Alpha sneak peak excerpt from Chapter Five

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Overwhelmed and cagey

Rosie spent two days at the racetrack after being “broke” at a

distant farm. She wheeled about thirty times in a single trip

jogging around a half-mile training track, terrified of oncoming

traffic and the scene that presented itself to this unprepared,

frenzied baby. At Thoroughbred racetracks, generally jogging

(or trotting) horses travel on the outside rail moving to the

left; galloping horses and those moving at a faster pace track

right toward the inside rail. On day two, in a half-mile gallop

(we tried a different approach to the oncoming traffic concern

and started tracking right), she slammed into the rail at least a

dozen times and ran at full speed in a panic — sans steering or

brakes — not seeing, hearing, or feeling anything in her path of

sheer, all-out, running terror.

She was trucked to Halcyon Acres that week for some reprogramming

authorized by a trainer in a huge hurry to get her

back. He failed to recognize the increased challenges associated

with retooling a horse that had been poorly started. Still,

we were determined to help this filly cope with what would be

ahead of her. Of course, the idea of the imminent broken human

body parts that would result if she wasn’t removed from

the track for a more controlled turning process was a factor.

Since time was of the essence, we started her in the round pen

the day she was trucked in. It’s preferable to give young horses

time to settle into a routine prior to tackling performance challenges,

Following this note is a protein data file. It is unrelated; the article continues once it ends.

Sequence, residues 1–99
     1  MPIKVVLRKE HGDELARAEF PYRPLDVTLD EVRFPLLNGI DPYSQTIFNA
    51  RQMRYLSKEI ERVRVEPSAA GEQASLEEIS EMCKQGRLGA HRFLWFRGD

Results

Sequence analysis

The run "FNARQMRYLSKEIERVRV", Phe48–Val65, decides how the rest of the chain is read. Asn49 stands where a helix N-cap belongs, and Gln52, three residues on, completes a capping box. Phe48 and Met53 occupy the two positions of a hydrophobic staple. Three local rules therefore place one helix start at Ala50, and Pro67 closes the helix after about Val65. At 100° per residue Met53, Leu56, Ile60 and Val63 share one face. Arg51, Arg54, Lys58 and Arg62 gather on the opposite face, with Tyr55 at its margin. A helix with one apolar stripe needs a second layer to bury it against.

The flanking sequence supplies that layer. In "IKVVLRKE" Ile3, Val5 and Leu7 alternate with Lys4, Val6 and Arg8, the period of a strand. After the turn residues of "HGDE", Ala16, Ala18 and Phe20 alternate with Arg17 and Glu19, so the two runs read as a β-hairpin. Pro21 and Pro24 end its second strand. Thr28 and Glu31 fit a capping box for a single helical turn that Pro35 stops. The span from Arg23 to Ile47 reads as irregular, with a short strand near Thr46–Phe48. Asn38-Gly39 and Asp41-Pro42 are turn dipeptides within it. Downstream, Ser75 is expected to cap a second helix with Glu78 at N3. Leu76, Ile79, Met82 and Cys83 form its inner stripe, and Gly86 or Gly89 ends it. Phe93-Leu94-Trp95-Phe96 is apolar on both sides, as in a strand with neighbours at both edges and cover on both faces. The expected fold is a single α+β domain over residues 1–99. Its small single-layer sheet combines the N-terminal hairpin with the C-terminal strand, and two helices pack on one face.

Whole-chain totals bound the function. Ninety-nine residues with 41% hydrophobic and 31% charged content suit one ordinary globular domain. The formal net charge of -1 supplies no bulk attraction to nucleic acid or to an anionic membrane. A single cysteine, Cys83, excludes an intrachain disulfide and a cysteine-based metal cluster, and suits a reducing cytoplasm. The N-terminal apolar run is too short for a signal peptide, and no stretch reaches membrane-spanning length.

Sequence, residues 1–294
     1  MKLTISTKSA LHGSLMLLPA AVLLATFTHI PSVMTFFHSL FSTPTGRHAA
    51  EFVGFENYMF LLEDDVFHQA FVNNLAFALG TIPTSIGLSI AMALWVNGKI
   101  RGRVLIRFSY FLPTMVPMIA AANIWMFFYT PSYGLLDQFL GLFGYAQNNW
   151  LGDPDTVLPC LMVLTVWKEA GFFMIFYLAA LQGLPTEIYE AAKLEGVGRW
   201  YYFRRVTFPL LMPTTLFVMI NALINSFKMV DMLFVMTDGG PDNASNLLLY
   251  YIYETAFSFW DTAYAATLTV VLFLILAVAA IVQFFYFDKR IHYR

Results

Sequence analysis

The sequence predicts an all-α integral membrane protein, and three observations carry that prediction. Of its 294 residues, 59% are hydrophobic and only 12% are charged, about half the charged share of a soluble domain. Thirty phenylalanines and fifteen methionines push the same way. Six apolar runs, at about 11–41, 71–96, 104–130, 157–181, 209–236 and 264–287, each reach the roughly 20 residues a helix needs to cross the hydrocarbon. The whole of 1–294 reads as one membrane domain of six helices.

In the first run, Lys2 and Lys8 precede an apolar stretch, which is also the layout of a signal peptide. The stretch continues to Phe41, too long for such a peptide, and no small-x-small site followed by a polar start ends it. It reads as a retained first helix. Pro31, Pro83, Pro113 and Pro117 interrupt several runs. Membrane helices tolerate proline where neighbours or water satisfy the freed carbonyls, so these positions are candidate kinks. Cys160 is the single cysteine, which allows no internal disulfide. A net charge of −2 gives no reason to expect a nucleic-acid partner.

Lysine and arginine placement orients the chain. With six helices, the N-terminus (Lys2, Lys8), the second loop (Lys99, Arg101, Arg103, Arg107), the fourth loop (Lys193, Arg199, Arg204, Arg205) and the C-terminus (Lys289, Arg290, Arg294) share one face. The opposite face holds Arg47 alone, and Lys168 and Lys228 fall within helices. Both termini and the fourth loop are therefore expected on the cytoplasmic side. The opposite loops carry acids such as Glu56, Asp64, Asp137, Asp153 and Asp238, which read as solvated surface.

but, sometimes, you make less than ideal choices with

the horse’s ultimate welfare in mind. We began with a brief lesson

in responding to body language and voice commands that

set the tone for future success with a quick reward for responding

to easy requests. She understood.

Day two was a lengthy session, as was the case for the term

of her stay, struggling to encourage a filly who had apparently

no good ground-handling experience to perform simple tasks

like picking up her feet and accepting basic grooming. First, we

spent more than an hour each day in the stall, tackling activities

that most yearlings are prepared to easily tolerate. This was

a filly that was expected to perform on cue with a rider atop at

the track! No wonder she was unresponsive, as terror set in, to

requests she was woefully unprepared for.

We proceeded to the round pen and then the trails for under saddle

activities with Gatsby (our canine assistant trainer) as a

constant companion and teacher. Generally, it’s best to implement

short sessions, quitting as soon as a win is achieved, but

we had twelve days to get this filly ready to go back to a track

with a trainer who wasn’t likely to permit patient daily regimens.

Plus, Rosie wasn’t very cooperative and it often took more

than an hour to achieve a proper response to a single request.

The trails were tough at first as Rosie had little confidence in

her mount and seemed to have no confidence in herself. Gatsby

helped lead the way through troubling areas and trotted at her

heels the rest of the time, getting her accustomed to traffic and

noise behind her . . .

Nanette Levin


Nanette Levin is a writer, author and equestrian specializing in young horse training and horses with issues. Look for Horse Sense & Cents titles on Amazon, Audible and other major online retailers.

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